More than 1,200 ram skulls sacrificed for the cult of the Pharaoh Ramses II have been discovered at the Temple of Osiris in the ancient city of Abydos. One of them was still wearing a tiny bell tied around its neck. The cult bell was decorated with four animal heads representing the deities and it is in excellent condition with a well-preserved working clapper. Archaeologists were able to ring it and hear its rich sound 1,000 years after it was buried.
The temple was the first one built by Ramses II. Construction began in the first year of his ascension to the throne, 1279 B.C. Foundation deposits laid at the time of the construction ceremony were found at the southwest corner of the temple in 2020. The offerings include Rameses’ throne name, construction tool models made of copper, pottery and grindstones. That same 2020 excavation unearthed ten large mud brick storerooms attached to the temple palace. The rooms were stocked with supplies and provisions for the temple, pottery, tools and assorted equipment.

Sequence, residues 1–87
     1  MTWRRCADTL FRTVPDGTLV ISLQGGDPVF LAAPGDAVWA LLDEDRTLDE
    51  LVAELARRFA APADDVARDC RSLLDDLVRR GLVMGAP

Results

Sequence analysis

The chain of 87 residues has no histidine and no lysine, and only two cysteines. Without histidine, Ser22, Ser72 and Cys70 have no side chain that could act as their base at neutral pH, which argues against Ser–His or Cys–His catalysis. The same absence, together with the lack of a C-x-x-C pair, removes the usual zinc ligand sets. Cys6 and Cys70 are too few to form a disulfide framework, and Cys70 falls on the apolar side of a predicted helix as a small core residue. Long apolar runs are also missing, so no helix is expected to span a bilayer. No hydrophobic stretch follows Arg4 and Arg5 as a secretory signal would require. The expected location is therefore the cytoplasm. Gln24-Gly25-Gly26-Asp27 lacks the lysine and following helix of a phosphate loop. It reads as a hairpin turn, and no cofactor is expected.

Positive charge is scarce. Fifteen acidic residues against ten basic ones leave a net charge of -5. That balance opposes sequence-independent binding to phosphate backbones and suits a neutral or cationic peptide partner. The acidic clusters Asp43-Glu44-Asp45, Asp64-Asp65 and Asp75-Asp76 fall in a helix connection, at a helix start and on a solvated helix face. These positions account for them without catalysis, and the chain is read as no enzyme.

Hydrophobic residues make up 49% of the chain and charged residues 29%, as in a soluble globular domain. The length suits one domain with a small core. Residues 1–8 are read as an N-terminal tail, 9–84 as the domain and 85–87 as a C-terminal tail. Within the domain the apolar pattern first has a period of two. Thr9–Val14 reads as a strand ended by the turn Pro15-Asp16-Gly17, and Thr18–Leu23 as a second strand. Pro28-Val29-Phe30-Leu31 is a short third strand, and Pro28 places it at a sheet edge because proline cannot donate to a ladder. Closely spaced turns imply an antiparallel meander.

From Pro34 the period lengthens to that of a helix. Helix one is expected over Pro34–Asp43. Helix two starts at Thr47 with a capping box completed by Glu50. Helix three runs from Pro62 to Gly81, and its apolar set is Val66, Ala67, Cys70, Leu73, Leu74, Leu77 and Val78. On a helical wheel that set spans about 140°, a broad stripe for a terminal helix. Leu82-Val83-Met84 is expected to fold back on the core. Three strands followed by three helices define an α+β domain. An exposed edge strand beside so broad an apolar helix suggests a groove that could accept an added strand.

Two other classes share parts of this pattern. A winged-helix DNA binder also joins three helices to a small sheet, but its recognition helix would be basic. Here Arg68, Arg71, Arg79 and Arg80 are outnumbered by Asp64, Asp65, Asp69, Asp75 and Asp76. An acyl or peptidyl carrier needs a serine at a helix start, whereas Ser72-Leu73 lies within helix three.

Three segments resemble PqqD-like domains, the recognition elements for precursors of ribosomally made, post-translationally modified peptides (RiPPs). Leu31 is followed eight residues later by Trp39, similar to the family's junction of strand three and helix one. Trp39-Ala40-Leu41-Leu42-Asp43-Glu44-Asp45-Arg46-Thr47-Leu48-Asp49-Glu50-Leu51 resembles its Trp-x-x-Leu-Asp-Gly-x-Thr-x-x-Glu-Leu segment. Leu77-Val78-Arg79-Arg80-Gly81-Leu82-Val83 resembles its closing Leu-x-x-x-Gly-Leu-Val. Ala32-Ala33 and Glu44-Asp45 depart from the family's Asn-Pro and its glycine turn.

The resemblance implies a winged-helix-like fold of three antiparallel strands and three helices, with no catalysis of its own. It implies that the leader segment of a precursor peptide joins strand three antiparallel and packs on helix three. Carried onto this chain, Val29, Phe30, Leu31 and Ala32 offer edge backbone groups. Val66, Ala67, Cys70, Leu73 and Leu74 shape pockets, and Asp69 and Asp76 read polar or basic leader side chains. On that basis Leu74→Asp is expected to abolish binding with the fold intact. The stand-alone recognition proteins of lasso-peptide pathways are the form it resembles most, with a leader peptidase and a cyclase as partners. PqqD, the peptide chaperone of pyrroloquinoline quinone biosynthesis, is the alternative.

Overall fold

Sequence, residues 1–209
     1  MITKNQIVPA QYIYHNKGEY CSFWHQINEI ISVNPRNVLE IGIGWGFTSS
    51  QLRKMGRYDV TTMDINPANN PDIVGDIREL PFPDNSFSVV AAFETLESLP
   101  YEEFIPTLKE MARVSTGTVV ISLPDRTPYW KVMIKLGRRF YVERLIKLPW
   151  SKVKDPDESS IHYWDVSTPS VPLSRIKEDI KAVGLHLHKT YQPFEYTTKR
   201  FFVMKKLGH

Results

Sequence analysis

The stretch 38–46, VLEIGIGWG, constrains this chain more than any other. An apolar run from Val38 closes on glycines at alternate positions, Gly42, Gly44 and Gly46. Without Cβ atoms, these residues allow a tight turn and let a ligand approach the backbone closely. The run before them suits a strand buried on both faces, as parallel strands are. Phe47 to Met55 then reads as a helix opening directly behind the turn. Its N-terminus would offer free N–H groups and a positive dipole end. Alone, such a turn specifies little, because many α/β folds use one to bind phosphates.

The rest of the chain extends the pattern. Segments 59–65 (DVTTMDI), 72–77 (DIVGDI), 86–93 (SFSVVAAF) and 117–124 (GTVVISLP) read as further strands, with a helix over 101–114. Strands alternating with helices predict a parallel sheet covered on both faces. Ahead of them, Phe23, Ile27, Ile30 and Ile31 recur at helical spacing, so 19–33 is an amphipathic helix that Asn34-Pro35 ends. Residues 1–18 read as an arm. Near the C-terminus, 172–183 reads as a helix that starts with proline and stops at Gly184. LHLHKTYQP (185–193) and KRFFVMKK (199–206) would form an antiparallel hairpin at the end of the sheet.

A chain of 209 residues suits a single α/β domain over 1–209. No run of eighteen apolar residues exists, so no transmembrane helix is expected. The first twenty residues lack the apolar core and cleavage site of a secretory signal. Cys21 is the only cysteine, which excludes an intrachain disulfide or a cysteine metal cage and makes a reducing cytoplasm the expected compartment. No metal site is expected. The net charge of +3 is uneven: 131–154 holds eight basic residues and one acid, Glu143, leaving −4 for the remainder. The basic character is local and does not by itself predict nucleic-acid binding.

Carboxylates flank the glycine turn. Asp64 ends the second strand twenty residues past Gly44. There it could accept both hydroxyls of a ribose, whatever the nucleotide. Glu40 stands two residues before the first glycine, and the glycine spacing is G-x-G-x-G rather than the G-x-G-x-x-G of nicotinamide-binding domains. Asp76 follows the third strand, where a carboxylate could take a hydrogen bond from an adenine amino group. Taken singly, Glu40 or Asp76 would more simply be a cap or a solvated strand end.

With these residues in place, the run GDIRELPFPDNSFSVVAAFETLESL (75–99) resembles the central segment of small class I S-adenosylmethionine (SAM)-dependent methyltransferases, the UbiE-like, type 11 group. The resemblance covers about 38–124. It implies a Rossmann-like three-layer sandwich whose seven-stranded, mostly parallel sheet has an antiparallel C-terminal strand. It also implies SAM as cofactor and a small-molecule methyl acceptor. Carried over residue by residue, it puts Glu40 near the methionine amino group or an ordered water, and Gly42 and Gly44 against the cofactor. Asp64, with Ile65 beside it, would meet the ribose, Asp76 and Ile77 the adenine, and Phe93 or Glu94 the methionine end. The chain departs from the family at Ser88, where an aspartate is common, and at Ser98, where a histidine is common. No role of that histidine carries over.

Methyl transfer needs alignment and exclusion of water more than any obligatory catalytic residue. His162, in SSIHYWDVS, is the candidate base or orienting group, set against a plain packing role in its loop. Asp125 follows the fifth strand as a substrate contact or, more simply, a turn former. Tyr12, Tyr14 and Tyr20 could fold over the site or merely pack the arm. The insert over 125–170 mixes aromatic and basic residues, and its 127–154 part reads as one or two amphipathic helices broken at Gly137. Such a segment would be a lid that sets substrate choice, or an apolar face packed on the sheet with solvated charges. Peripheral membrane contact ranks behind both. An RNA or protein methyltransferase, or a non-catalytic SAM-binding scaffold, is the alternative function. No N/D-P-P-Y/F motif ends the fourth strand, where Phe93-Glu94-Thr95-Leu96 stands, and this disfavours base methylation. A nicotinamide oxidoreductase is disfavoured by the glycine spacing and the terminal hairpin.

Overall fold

Votive bull heads from the Ptolemaic period were found in twelve niches in the storeroom walls, indicating that a thousand years after Rameses built the temple, it was held as sacred as a temple not just to Osiris, but for the cult of Rameses himself. The rams heads were also found in a storage area. Some were still wrapped in fabric.
The skull sacrifice, which dates from around 2,000 years ago, was found at the site of an ancient temple to Osiris, the Egyptian god of death and resurrection. It was the first temple to be built by Ramses II but large parts of the complex have remained excavated until now.
“Usually cults of other pharaohs last for two or three centuries,” added Dr Iskander. “This is a thousand years. It says a lot about how important this pharaoh was in the mindset of Egyptians.”